How should I take Poly-Vent, Jr. (Guaifenesin Pseudoephedrine)?

Use this medication exactly as directed on the label, or as it has been prescribed by your doctor. Do not use the medication in larger amounts, or use it for longer than recommended. Cold medicine is usually taken only for a short time until your symptoms clear up.

Always ask a doctor before giving cough or cold medicine to a child. Death can occur from the misuse of cough or cold medicine in very young children.

Do not crush, chew, break, or open a controlled-release, delayed-release, or extended-release tablet or capsule. Swallow the pill whole. It is specially made to release medicine slowly in the body. Breaking or opening the pill would cause too much of the drug to be released at one time.

Measure the liquid form of this medicine with a special dose-measuring spoon or cup, not a regular table spoon. If you do not have a dose-measuring device, ask your pharmacist for one.

Drink extra fluids to help loosen the congestion and lubricate your throat while you are taking this medication.

Take guaifenesin and pseudoephedrine with food if it upsets your stomach.

Talk with your doctor if your symptoms do not improve after 7 days of treatment, or if you have a fever with a headache, cough, or skin rash.

If you need to have any type of surgery, tell the surgeon ahead of time if you have taken a cold medicine within the past few days.

Store this medicine at room temperature, away from heat, light, and moisture.

What happens if I overdose on Poly-Vent, Jr. (Guaifenesin Pseudoephedrine)?

Seek emergency medical attention if you think you have used too much of this medicine. Overdose symptoms may include nausea, vomiting, dizziness, and feeling restless or nervous.

What happens if I miss a dose of Poly-Vent, Jr. (Guaifenesin Pseudoephedrine)?

Since cough or cold medicine is usually taken only as needed, you may not be on a dosing schedule. If you are taking the medication regularly, take the missed dose as soon as you remember. If it is almost time for your next dose, skip the missed dose and take the medicine at your next regularly scheduled time. Do not take extra medicine to make up the missed dose.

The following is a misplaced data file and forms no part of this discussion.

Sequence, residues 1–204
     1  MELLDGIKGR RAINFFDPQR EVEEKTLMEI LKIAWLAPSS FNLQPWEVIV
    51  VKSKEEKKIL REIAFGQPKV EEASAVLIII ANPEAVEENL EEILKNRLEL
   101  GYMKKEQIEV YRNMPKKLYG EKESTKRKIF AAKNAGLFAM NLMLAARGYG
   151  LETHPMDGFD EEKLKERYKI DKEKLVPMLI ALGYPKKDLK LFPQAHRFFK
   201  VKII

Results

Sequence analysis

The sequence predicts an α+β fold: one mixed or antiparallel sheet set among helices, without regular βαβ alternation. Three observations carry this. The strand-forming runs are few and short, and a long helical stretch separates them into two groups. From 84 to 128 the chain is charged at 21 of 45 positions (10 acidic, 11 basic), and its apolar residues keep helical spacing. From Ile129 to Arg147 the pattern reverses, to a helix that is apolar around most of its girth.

Sourced from everydayhealth.com

Pseudatex (Guaifenesin Pseudoephedrine)

What is Pseudatex (Guaifenesin Pseudoephedrine)?

Guaifenesin is an expectorant. It helps loosen congestion in your chest and throat, making it easier to cough out through your mouth.

Pseudoephedrine is a decongestant that shrinks blood vessels in the nasal passages. Dilated blood vessels can cause nasal congestion (stuffy nose).

The combination of guaifenesin and pseudoephedrine is used to treat nasal and sinus congestion, and to reduce chest congestion caused by the common cold, infections, or allergies.

Guaifenesin and pseudoephedrine may also be used for purposes other than those listed in this medication guide.

What is the most important information I should know about Pseudatex (Guaifenesin Pseudoephedrine)?

Always ask a doctor before giving a cough or cold medicine to a child. Death can occur from the misuse of cough and cold medicines in very young children.

Do not use a cough or cold medicine if you have used an MAO inhibitor such as isocarboxazid (Marplan), phenelzine (Nardil), rasagiline (Azilect), selegiline (Eldepryl, Emsam), or tranylcypromine (Parnate) within the past 14 days. Serious, life-threatening side effects can occur if you take cough or cold medicine before the MAO inhibitor has cleared from your body.

Do not use any other over-the-counter cough or cold medication without first asking your doctor or pharmacist. If you take certain products together you may accidentally take too much of one or more types of medicine. Read the label of any other medicine you are using to see if it contains a decongestant or expectorant.

What should I discuss with my healthcare provider before taking Pseudatex (Guaifenesin Pseudoephedrine)?

Do not use this medication if you are allergic to guaifenesin or pseudoephedrine, or to other decongestants, diet pills, stimulants, or ADHD medications.